When I bought the tickets and saw the price range, I thought to myself, "The only way I would buy some of these high-end tix are if the entire evening was 'Quadrophenia' from end to end."
It was "Quadrophenia" that bonded me to The Who back in the day. I was an angry teenager, living with a mentally ill, abusive mother in a dead-end small town. I got bullied in school and at home, and much of the responsibility for managing day to day household tasks fell upon me, along with my school work. Someone actually gave me my first copy of "Quadrophenia" (released in 1973). I wore that one out and bought another. The rage in that album, the sense of loneliness and isolation, parental disapproval and the solace of nature just spoke to my alienated soul. I'll bet I've listed to "Quadrophenia" over 500 times, if you count all the years I used it to exercise to as well. I know most of the lyrics, more or less, adjusting for accents and colloquialisms.
Back to the narrative: Mr. J and I had missed fully 45 minutes of the show. But what we didn't miss was a 30-minute run exclusively of songs from "Quadrophenia." Daltrey and Townsend tucked into this challenge the moment I got a place at the rail.
Reader (if you've even gotten this far in this opus), I stood there and cried. And of course, sang along.
Mr. J had never heard "Quadrophenia." Neither, apparently, had the drunken millennial Sad Boys sitting in the high end seats in front of the rail. But deeper down in the crowd, other people my age were as passionate as me.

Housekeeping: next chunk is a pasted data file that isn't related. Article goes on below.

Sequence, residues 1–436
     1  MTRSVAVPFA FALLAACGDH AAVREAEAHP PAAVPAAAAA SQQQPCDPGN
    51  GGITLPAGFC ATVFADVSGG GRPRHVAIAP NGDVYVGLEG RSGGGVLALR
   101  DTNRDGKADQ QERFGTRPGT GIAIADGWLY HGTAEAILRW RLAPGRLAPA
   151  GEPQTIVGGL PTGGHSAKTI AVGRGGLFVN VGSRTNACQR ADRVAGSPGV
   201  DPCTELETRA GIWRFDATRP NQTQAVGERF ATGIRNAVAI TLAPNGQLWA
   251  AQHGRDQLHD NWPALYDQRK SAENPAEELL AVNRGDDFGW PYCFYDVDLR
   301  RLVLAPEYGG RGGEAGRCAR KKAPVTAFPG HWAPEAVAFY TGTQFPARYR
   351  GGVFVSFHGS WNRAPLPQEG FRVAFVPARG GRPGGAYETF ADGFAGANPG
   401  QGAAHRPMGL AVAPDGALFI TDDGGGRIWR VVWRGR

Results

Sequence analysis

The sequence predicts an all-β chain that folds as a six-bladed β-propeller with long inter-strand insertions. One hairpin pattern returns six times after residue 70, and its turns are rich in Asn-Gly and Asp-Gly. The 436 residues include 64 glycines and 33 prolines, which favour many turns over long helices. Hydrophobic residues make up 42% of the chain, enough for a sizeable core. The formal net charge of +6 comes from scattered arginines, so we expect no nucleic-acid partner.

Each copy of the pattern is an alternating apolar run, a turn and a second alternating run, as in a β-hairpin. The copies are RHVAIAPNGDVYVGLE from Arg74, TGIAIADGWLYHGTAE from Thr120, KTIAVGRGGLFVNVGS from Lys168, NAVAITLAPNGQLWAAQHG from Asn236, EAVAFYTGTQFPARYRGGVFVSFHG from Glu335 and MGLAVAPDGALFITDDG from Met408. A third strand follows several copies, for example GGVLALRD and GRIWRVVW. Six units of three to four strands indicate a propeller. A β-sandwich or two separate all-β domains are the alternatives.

Sometimes when I describe my childhood, people ask how I came out of it without being badly bent myself. Well, I do have scars that have affected my life, and make no mistake about it. But I credit The Who, and most especially "Quadrophenia," for keeping me sane when the world was burning down around me. I wasn't angry and alienated alone. It made all the difference.
So it was very, very special to re-visit "Quadrophenia" live in the open air, on a beautiful night in Philly, surrounded mostly by people my own age or older. It was like, "You know what? I survived, by all the Gods, and this is what saved me."
The "Quadrophenia" segment was so lengthy that after it ended, there was only time for one more song: "Teenage Wasteland." Which Townsend and Daltrey sang without a hint of irony. (They must laugh some other time, offstage.) Then they said goodnight, thanks for coming, Philly.
I turned to Mr. J and said, "They will play an encore." This is what happens at rock concerts.
They didn't. The entire light bank of Citizens Bank Park came roaring to life, and 28,000 gray Boomers and 2,000 bleary-eyed Sad Boys headed for the exits.
Bruce Springsteen has aged gracefully, turning his rocking tunes into mournful, slow ballads that he croons over a minimalist acoustic guitar. And I have to say there's something noble about that. It's easy to mock The Who for belting out their teenage angst anthems with all the theatrical moves and blasting drums of yesteryear. But you know what? It never hurts to switch off the internal clock for an evening and re-immerse yourself in your teenage experiences. And how illuminating it is to see them brought to you by someone who looks as world-weary as you feel yourself. Damn. We survived, and we won't get fooled again!
EXHIBIT C: GEEZER WASTELAND, ONLY GEEZER WASTELAND
We're all wasted!